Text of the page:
photo left: Ed Towns

So why would you want to give that up? Why would you even bother to do more than is absolutely necessary when you are able to enjoy the perks of a long political career without much effort, without much sweat equity at all? Why would you even think that taking on the values of political corruption are unethical at all, if there has been no one to hold you accountable for so very long?

And why would you see that Brooklyn, and the Brooklyns of America, are broken, so very terribly broken, even though it is clear as day to the people in your community?

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Timeline of Indiscretions by Congressman Edolphus “Ed” Towns

Democrat, Brooklyn, New York’s 10th Congressional District

A Partial List

1982: While campaigning for his first term, Towns was caught on videotape accepting a $1,300 cash bribe from 3 undercover officers with the NYC Department of Investigation. Prior to being indicted, he was tipped off that the construction executives from whom he took the money were actually cops and he returned the money: VillageVoice

1997: Towns endorses Rudy Giuliani for Mayor despite Giuliani’s antagonistic relationship with the vast majority of the residents of his congressional district. Answers

2005: Towns casts the deciding vote in support of George W. Bush’s CAFTA policy, after flip-flopping on the issue considerably. Citizen

2006: In the pocket of Big Pharmaceuticals: Billy Tauzin, president of that group, a lobbying organization for brand-name drug companies, recently urged Representative Edolphus Towns, Democrat of New York, to seek a position as chairman of a powerful House subcommittee, said Karen Johnson, a spokeswoman for Mr. Towns. The subcommittee has authority over Medicare and the Food and Drug Administration. NYTimes

2009: In the midst of the foreclosure crisis and the economic meltdown, instead of using his power as a congressman to help his constituents get jobs and get their homes, Towns  refused initially to issue a subpoena to investigate Countrywide’s records as to protect himself. OnlineWall Street Journal

2010: New York Daily News reports that Congressman Towns tried to steer $5 million in f$5.3 million in taxpayer money to a nonprofit that employs one of his staffers. The group, Trinity Community Development and Empowerment Group Inc., had an abandoned building as its address. NY Daily News

2010: Towns recently voted along with 180 Republicans against the most recent jobs bill. Here we are in this crisis, and he’s voting AGAINST JOBS. While it was not a perfect bill, it did have a provision in it to create business for minority contractors.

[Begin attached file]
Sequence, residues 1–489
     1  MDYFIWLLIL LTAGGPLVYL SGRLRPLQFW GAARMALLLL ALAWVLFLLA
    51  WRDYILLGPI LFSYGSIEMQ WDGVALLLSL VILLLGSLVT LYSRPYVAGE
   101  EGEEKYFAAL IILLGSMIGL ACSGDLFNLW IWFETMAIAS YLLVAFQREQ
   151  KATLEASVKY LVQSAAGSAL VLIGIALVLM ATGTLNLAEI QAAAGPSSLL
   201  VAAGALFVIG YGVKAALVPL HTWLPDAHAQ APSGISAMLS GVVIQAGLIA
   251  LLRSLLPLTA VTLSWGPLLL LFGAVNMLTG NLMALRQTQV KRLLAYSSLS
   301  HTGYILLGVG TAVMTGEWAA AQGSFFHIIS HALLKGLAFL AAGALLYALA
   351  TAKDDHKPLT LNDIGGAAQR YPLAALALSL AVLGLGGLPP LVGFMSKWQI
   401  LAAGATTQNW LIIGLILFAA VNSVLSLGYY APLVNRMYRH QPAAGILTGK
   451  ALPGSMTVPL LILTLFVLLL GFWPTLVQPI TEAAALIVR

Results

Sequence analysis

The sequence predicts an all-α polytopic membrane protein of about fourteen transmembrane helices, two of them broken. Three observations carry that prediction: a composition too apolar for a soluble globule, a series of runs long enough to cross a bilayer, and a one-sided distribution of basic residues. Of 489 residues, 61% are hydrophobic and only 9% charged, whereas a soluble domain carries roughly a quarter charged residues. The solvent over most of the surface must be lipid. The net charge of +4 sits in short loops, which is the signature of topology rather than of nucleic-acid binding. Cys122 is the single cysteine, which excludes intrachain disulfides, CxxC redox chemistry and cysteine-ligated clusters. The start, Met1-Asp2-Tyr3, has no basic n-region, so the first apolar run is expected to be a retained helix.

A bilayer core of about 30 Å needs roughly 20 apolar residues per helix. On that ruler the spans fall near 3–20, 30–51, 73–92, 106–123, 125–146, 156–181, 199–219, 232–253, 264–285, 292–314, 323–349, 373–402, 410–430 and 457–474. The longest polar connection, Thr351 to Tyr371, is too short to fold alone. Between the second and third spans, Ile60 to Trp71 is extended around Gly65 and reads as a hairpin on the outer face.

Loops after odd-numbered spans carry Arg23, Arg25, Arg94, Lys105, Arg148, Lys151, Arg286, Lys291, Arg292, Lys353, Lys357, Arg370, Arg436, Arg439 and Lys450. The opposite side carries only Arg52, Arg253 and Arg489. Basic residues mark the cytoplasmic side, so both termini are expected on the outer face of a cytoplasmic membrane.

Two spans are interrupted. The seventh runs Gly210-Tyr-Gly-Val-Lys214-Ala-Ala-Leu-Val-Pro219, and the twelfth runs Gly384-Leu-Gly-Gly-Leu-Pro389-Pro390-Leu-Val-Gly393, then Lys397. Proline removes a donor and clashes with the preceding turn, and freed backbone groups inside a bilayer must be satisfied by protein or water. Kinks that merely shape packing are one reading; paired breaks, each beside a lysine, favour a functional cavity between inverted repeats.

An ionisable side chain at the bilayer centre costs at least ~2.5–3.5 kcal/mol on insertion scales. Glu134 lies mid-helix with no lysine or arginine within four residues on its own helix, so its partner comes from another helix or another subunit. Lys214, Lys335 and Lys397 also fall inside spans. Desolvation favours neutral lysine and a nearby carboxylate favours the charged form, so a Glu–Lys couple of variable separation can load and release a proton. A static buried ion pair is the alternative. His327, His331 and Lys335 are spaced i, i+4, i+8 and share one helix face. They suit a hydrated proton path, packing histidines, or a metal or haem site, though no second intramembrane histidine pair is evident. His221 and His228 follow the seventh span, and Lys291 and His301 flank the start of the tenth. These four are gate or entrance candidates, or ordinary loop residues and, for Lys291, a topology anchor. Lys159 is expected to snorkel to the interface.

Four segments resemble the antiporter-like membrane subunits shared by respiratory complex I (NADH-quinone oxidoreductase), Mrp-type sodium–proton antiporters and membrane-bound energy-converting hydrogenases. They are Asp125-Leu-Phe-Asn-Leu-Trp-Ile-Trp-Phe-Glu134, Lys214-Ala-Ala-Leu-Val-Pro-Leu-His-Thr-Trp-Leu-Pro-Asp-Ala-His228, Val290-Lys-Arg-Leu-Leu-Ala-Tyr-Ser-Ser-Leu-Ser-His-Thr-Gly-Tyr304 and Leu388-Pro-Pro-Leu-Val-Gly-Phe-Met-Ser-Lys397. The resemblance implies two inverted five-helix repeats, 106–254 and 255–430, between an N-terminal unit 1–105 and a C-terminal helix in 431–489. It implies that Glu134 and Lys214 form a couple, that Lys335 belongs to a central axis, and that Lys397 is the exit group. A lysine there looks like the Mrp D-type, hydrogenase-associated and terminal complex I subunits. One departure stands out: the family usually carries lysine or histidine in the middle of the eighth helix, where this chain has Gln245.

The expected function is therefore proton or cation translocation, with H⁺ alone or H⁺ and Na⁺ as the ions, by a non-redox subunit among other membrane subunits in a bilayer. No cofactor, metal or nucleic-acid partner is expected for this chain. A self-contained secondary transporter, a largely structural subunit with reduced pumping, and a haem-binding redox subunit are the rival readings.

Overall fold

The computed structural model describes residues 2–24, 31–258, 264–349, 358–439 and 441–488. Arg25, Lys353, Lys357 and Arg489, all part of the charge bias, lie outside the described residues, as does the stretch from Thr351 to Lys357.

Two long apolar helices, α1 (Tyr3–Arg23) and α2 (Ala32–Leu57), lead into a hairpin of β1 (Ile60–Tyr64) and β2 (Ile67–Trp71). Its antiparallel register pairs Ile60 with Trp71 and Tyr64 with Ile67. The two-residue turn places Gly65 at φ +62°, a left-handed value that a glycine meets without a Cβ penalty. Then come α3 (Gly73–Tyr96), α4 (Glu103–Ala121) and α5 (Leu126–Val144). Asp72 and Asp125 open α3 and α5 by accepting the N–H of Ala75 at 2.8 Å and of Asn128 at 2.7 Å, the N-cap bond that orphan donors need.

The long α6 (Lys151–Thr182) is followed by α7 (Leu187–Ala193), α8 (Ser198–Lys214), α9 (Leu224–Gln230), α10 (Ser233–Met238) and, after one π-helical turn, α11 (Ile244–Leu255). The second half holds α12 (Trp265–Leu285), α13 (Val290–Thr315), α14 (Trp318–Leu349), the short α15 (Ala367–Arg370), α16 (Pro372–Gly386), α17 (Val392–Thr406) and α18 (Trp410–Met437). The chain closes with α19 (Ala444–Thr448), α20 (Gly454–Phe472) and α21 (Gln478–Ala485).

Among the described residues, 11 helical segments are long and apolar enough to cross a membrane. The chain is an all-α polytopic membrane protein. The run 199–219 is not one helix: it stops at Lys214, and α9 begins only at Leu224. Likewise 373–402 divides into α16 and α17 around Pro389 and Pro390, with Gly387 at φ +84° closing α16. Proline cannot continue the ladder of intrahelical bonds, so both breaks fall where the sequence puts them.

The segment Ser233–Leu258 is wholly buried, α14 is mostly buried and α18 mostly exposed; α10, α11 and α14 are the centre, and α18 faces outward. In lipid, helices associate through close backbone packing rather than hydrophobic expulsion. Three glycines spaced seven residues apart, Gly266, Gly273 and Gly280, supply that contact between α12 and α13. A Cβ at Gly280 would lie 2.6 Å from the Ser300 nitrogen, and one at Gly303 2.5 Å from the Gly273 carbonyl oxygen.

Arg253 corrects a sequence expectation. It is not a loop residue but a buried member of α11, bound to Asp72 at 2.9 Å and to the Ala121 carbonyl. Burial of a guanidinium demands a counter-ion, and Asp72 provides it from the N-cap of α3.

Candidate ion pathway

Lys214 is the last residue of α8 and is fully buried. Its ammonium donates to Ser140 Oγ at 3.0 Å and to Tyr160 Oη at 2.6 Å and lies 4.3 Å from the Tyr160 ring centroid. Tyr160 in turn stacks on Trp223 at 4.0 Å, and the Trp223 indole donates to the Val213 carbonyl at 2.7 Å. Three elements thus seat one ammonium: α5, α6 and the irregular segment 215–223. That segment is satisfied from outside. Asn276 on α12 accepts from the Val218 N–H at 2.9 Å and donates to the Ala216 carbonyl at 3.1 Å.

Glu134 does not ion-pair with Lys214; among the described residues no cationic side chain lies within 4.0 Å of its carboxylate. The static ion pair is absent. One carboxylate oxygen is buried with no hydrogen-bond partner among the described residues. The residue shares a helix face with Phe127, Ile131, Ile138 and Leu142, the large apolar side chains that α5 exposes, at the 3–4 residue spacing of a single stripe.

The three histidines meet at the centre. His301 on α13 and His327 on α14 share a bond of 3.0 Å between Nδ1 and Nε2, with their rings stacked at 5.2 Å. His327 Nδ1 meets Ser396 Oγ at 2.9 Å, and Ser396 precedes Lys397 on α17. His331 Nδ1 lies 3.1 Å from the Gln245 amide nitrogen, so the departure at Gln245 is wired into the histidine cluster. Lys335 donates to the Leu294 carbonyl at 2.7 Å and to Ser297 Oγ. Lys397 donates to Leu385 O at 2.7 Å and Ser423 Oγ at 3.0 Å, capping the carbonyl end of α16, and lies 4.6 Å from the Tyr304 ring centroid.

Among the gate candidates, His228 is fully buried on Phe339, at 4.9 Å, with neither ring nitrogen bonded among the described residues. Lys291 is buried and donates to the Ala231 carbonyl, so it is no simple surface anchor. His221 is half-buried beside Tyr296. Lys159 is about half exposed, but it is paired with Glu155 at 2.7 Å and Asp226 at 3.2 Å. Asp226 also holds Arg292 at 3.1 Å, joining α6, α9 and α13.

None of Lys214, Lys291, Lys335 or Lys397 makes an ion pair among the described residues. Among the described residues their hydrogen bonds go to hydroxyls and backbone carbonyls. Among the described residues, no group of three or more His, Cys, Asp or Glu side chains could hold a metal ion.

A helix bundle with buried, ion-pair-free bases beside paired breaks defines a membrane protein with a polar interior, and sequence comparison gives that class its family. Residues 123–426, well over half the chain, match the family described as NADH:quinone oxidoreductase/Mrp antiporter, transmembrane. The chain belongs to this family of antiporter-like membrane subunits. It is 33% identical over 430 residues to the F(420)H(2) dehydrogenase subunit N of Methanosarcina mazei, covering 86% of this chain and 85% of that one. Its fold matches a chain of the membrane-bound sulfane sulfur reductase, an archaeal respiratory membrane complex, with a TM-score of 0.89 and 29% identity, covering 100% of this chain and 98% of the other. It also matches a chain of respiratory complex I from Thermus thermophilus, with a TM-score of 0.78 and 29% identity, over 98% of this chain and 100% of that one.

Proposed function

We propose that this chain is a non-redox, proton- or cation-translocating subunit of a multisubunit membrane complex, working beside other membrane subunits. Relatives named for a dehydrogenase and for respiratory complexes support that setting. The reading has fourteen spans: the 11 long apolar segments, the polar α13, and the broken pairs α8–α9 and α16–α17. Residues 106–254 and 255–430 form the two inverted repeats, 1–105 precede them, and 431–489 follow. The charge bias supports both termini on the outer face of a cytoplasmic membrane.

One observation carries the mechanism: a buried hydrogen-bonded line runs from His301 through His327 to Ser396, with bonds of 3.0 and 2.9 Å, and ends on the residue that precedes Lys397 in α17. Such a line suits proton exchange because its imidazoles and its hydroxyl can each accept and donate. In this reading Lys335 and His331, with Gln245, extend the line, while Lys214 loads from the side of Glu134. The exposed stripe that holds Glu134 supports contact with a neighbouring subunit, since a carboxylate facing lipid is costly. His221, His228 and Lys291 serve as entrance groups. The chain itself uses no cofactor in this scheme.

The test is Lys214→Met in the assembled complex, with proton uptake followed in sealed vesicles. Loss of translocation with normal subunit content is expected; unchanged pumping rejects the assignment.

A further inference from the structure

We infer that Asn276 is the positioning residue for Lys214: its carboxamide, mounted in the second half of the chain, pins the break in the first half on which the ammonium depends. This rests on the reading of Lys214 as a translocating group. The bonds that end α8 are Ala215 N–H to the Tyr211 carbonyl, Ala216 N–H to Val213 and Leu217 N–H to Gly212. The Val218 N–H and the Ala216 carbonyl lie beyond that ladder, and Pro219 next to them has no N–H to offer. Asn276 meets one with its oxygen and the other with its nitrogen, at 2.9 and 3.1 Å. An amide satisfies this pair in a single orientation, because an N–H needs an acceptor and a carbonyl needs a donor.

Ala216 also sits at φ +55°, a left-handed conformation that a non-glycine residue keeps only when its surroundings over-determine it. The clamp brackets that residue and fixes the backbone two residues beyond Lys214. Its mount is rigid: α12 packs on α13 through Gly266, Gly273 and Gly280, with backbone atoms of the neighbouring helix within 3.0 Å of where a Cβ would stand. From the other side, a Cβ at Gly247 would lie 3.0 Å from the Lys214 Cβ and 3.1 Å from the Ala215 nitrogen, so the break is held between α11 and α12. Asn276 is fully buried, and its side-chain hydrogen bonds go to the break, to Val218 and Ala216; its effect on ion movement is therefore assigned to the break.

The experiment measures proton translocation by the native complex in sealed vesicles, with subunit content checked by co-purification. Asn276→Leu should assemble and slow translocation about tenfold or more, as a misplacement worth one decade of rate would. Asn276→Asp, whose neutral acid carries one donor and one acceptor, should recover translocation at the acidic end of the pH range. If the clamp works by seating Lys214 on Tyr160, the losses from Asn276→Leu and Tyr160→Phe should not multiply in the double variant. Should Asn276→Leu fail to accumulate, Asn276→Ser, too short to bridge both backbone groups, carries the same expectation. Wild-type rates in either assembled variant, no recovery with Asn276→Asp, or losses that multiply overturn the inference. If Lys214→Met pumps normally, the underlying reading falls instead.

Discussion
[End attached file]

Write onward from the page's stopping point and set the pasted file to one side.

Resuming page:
2010: Towns [at 75] confides in a staffer that he may not run here in 2010. Whether he just doesn’t have the energy or he’s seeing the heat on Rangel, it doesn’t appear Towns has the interest to represent the people any longer.City Limits

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Kevin Powell is a 2010 Democratic candidate for the United States House of Representatives in Brooklyn, New York’s 10th Congressional district.

Dr. Michael Eric Dyson has called Powell “a mighty wind of fresh air.” . . . He is an activist, writer, public speaker, entrepreneur, and, currently, a 2010 Democratic candidate for Congress in Brooklyn, New York. A product of extreme poverty, welfare, fatherlessness, and a single mother-led household, he is a native of Jersey City, New Jersey and was educated at New Jersey’s Rutgers University. Kevin Powell is a longtime resident of Brooklyn, New York, and it is from his base in New York City that Powell has published ten books, including his new title, Open Letters to America (Soft Skull Press). This book is a collection of essays that examines American leadership, politics, and various social issues in the era of Barack Obama. more

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A Tough Gang to Follow—As Harlem’s older generation of leaders fades, black officials define new paths toward prominence—Curtis Stephen—“One of the tragedies with what we’re seeing happen to Charlie and David is that it’s long been known that the older generation of leadership has largely failed to nurture young talent,” says Basil Smikle, a black political consultant . . .

“We may not see another black governor in New York for another 20 years. And you may not see another person of Charlie’s stature elevate to become a significant black leader from this state in Congress for another 20 years, too, because it’s all about seniority.” . . .